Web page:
dg
     
    Last edited: Nov 24, 2009
  10. shinerunner

    shinerunner BARKING MOONBAT

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    loafers glory
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    Side bunks ease the pucker factor 10x
     
  11. Dirtguy

    Dirtguy "It's all Good!"

    Location:
    Gilbert, AZ
    Name:
    Carl
    Boat:
    26' Sea Ray, "yes dear..."
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    You know, after thinking about this, a cat like this could use some "Inside guide rails." you could make them similar to outers, but on the inside. I could see this working great and maybe starting a new trend for these cats.

    dg
     
  12. slief

    slief Registered Lurker

    Location:
    Simi Valley, CA
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    Scott
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    Thanks!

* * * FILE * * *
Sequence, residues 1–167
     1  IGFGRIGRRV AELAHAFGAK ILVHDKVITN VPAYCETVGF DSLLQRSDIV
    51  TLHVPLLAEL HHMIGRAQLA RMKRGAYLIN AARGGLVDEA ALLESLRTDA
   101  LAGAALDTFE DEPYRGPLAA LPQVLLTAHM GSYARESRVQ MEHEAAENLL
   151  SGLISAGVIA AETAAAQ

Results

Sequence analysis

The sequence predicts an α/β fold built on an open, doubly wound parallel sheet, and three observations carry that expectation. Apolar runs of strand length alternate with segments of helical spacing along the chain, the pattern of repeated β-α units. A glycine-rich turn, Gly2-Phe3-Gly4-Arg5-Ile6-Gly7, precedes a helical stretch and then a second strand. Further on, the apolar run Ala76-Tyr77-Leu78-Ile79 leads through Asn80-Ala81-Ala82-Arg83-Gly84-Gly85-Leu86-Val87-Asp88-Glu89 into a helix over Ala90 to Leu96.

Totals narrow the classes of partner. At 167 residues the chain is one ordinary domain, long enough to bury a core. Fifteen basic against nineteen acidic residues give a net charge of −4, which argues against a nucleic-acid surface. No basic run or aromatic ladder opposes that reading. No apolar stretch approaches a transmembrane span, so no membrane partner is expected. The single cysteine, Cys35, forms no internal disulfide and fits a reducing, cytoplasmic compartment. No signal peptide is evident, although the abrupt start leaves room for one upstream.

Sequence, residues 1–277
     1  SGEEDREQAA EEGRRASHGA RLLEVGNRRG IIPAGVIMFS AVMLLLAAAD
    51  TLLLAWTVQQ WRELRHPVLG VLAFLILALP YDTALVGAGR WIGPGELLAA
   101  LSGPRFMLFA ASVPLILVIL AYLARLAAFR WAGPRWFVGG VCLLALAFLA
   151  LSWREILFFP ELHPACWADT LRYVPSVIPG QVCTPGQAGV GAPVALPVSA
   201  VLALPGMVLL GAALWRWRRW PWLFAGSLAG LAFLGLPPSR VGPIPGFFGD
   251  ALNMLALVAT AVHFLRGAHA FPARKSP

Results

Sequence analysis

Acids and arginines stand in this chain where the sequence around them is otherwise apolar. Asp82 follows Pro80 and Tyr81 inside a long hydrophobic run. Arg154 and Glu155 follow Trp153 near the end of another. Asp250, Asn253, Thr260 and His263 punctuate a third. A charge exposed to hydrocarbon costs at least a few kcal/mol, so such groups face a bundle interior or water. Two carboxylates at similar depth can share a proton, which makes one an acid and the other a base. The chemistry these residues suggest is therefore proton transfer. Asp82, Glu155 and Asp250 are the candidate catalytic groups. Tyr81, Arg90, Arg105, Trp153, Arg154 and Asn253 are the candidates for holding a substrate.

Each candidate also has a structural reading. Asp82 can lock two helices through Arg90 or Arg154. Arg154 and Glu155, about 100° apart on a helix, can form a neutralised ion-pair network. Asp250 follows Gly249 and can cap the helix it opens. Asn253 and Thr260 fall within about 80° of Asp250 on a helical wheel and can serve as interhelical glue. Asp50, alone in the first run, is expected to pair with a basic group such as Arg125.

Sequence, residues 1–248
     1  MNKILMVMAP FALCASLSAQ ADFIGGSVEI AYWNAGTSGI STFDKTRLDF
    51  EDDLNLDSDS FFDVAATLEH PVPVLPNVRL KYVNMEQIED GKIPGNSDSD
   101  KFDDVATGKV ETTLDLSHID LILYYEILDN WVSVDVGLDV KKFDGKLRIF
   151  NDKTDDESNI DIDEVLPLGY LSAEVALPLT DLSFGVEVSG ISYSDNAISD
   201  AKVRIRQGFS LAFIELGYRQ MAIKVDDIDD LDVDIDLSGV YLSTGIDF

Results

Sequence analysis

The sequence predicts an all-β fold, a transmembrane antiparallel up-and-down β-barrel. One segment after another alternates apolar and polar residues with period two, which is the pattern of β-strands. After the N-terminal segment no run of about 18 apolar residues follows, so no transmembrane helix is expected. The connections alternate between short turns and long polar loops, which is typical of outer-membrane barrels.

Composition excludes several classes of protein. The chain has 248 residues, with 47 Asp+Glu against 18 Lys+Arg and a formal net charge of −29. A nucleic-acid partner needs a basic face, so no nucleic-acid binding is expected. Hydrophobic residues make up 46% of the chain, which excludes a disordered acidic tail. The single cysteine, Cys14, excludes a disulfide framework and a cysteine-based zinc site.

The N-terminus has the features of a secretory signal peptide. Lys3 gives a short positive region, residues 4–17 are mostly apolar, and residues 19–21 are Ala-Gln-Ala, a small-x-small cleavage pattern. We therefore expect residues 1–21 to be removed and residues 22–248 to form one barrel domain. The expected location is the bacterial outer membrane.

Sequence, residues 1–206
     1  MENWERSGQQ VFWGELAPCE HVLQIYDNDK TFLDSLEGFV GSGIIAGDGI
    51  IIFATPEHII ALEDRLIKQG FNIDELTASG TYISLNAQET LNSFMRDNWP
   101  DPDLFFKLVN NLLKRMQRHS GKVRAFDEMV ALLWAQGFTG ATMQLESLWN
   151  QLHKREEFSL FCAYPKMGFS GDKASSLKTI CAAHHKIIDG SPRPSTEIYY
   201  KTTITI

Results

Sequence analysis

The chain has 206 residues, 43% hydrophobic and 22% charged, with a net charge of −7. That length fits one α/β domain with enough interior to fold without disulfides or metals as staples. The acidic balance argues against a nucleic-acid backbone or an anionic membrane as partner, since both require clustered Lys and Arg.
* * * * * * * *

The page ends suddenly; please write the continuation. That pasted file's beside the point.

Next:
I hear you on the guides however running over the fenders is not an option on my trailer! :food-smiley-014:

    There are guide bunks between the sponsons. The boat only has a few inches to move in either direction if I come some what straight up on the trailer.

    [​IMG]





    If you look at the front of the boat at and the leading edge of the bunk in the pic below, you will see some additional guides for the bow that keep it aligned nice when traveling as well as loading. They only stick up about 2" from the bunk. If I am 1" on either side of those, it won't align properly. One thing I might have to think about is removing those and doing something a bit different that would allow for more leeway at the bow.... Hmmm, now you really got me thinking..

    [​IMG]